In this highly original reanalysis of minimalist syntax, Thomas Stroik considers the optimal design properties for human language. Taking as his starting point Chomsky’s minimalist assumption that the syntactic component of a language generates representations for sentences that are interpreted at perceptual and conceptual interfaces, Stroik investigates how these representations can be generated most parsimoniously.
Paul Kiparsky's work in linguistics has been wide-ranging and fundamental. His contributions as a scholar and teacher have transformed virtually every subfield of contemporary linguistics, from generative phonology to poetic theory. This collection of essays on the word—the fundamental entity of language—by Kiparsky's colleagues, students, and teachers reflects the distinctive focus of his own attention and his influence in the field.
Recent research on the syntax of signed languages has revealed that, apart from some modality-specific differences, signed languages are organized according to the same underlying principles as spoken languages. This book addresses the organization and distribution of functional categories in American Sign Language (ASL), focusing on tense, agreement, and wh-constructions.
Jean-Roger Vergnaud’s work on the foundational issues in linguistics has proved influential over the past three decades. At MIT in 1974, Vergnaud (now holder of the Andrew W. Mellon Professorship in Humanities at the University of Southern California) made a proposal in his Ph.D. thesis that has since become, in somewhat modified form, the standard analysis for the derivation of relative clauses. Vergnaud later integrated the proposal within a broader theory of movement and abstract case. These topics have remained central to theoretical linguistics.
This concise work offers a compositional theory of verbal argument structure in natural languages that focuses on how arguments that are not “core” arguments of the verb (arguments that are not introduced by verbal roots themselves) are introduced into argument structures. Liina Pylkkänen shows that the type of argument structure variation that allows additional noncore arguments is a pervasive property of human language and that most languages have verbs that exhibit this behavior.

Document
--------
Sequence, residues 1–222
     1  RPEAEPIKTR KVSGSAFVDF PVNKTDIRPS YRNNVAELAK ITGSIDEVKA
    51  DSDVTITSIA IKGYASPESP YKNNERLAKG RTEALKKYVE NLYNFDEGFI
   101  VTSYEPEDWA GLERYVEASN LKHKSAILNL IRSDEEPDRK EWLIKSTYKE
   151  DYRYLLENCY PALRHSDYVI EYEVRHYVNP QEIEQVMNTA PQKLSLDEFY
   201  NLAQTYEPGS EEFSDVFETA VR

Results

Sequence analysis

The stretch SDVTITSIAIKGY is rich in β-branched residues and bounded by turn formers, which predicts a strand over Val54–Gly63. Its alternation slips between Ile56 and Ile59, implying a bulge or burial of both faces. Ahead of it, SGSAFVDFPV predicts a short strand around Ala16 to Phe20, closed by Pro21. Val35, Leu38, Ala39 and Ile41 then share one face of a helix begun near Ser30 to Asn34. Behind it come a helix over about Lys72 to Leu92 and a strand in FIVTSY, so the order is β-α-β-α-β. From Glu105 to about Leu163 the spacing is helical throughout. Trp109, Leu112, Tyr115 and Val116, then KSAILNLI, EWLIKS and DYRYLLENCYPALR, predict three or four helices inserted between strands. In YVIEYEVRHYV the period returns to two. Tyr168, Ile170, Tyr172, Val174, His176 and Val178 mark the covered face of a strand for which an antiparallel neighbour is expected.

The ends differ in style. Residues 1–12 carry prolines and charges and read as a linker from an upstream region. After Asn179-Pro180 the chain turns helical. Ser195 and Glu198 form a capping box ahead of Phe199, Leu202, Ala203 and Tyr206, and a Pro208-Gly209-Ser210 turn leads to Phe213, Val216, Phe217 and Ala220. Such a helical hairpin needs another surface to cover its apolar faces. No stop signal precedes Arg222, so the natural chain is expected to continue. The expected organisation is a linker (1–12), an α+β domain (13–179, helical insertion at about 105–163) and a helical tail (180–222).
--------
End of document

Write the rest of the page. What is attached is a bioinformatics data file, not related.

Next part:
In this monograph Tanya Reinhart discusses strategies enabling the interface of different cognitive systems, which she identifies as the systems of concepts, inference, context, and sound. Her point of departure is Noam Chomsky's hypothesis that language is optimally designed--namely, that in many cases, the bare minimum needed for constructing syntactic derivations is sufficient for the full needs of the interface. Deviations from this principle are viewed as imperfections.The book covers in depth four areas of the interface: quantifier scope, focus, anaphora resolution, and implicatures.
In Relators and Linkers, Marcel den Dikken presents a syntax of predication and the inversion of the predicate around its subject, emphasizing meaningless elements (elements with no semantic load) that play an essential role in the establishment and syntactic manipulation of predication relationships. One such element, the RELATOR, mediates the relationship between a predicate and its subject in the base representation of predication structures. A second, the LINKER, connects the predicate to its subject in Predicate Inversion constructions.
Despite their apparently divergent accounts of higher cognition, cognitive theories based on neural computation and those employing symbolic computation can in fact strengthen one another. To substantiate this controversial claim, this landmark work develops in depth a cognitive architecture based in neural computation but supporting formally explicit higher-level symbolic descriptions, including new grammar formalisms.
"If you turn left at the next corner, you will see a blue house at the end of the street." That sentence—a conditional—might be true even though it is possible that you will not see a blue house at the end of the street when you turn left at the next corner. A moving van may block your view; the house may have been painted pink; a crow might swoop down and peck out your eyes. Still, in some contexts, we might ignore these possibilities and correctly assert the conditional.